weisswurst

anonymous asked:

Well, I imagine it wasn't too long after they moved in together. One morning, while Yang and Blake were off at the library, Ruby decides to make Weiss some coffee, and well. Weiss has a morning icicle. Ruby's quite shocked, and Weiss is sure she's going to report it, but as days pass and Ruby behaves normally, Weiss is like "the hell?" and pulls Ruby aside about it. She's all "you haven't said anything?" and Ruby's all "Not even to Yang, which is a first." (part 2 to follow)

weissicle.png

Die Weisswurst is a traditional Bavarian sausage made from minced veal and pork back bacon, usually flavored with parsley, lemon, mace, onions, ginger, and cardamom. Weisswürste traditionally were manufactured early in the morning and eaten as a snack between breakfast and lunch - there’s an old saying that fresh sausages should not hear the noon chime of the church bells. Traditionally, they’re only served until midday because preservatives are not used, the meat is not smoked, and hence the sausage is made fresh every day. In the past without refrigeration, this was the reason for the church bell saying but even today, these are preferably eaten fresh earlier in the day. They’re heated in water (but not boiled) for about 10 mins, which will turn them white as no color-preserving nitrite is used. They’re brought to the table in a big bowl in the hot water to stay warm and are eaten without the skin, together with Bavarian sweet mustard, Brezen (fresh pretzel), and Weissbier. Weisswurst, whose consumption is associated with Bayern (Bavaria), helped coin the humorous term “Weißwurstäquator” (“white sausage equator”), that delineates a cultural boundary, separating the linguistic, cultural, and culinary traditions of Bavaria and Southern Germany from the rest of the country.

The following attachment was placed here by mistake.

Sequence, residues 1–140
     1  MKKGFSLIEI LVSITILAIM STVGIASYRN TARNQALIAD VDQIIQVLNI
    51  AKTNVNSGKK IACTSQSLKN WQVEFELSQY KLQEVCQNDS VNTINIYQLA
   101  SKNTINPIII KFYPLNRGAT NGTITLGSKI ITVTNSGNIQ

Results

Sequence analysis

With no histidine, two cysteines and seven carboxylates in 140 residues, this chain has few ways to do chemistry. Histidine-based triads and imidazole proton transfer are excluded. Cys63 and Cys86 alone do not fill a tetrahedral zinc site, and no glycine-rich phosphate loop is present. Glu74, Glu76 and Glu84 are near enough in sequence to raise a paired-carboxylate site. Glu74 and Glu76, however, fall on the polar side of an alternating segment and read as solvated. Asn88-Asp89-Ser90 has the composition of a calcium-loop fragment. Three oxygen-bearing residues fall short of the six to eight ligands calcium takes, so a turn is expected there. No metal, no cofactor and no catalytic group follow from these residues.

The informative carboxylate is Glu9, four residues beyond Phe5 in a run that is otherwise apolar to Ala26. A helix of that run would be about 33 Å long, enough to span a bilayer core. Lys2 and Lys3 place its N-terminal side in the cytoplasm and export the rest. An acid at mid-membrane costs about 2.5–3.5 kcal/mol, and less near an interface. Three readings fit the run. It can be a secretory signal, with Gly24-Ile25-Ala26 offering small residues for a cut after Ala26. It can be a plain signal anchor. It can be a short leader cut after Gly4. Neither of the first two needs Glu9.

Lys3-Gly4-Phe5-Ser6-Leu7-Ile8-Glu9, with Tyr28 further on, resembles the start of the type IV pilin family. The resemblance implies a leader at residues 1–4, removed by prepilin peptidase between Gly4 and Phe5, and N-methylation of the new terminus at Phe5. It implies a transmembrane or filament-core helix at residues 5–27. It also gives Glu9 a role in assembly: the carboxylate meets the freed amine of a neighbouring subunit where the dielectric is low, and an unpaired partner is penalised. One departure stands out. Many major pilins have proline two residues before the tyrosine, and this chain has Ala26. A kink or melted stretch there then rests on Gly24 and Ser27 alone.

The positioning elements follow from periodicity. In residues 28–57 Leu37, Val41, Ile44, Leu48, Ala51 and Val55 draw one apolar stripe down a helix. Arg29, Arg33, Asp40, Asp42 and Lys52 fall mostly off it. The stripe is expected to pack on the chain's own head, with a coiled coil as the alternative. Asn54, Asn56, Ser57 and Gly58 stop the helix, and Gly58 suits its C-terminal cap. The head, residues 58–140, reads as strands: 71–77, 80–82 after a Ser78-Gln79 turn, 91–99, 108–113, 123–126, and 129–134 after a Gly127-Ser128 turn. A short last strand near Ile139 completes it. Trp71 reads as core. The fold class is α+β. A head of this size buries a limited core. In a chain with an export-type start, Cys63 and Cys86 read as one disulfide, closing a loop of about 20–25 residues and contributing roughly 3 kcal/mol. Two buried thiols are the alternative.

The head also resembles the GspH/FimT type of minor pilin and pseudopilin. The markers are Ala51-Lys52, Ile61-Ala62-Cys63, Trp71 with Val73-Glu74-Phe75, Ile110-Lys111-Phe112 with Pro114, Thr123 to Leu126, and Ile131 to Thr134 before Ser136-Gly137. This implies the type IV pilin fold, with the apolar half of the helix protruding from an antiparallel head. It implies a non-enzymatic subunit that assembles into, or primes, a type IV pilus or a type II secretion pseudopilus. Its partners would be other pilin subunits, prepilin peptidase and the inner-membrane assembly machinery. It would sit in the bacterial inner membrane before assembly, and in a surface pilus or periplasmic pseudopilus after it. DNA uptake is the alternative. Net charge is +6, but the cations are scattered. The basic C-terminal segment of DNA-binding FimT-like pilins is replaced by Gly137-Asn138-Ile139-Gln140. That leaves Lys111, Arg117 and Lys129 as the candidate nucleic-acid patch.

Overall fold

Der Weißwurstäquator (“white sausage equator”) is a humorous term describing the supposed cultural boundary separating Southern Germany, especially Bayern (Bavaria), from the rest of Germany. It’s named for Bavaria’s traditional sausage. There’s no precise definition of the Weißwurstäquator; it’s sometimes taken to correspond with the linguistic boundary known as the Speyer line, separating Upper German from Central German dialects, roughly following the Main river. Sometimes, it’s taken to run further south, more or less along the Donau (Danube) river line, or between the Main and Donau, roughly along the 49th parallel north circle of latitude. Pictured above are the various definitions: 1) the Speyer line (green), 2) river Main line as the frontier of Prussian hegemony before 1871 (red), 3) the 49° latitude (black). "Karte Weißwurstäquator" by NordNordWest - licensed under CC BY-SA 3.0 via Wikimedia Commons

do you know how many times i tried to spell weisswurst right in the tags of that post on my phone and because my phone app is fucked i had to delete the whole post and do it over again every time i messed up so i gave up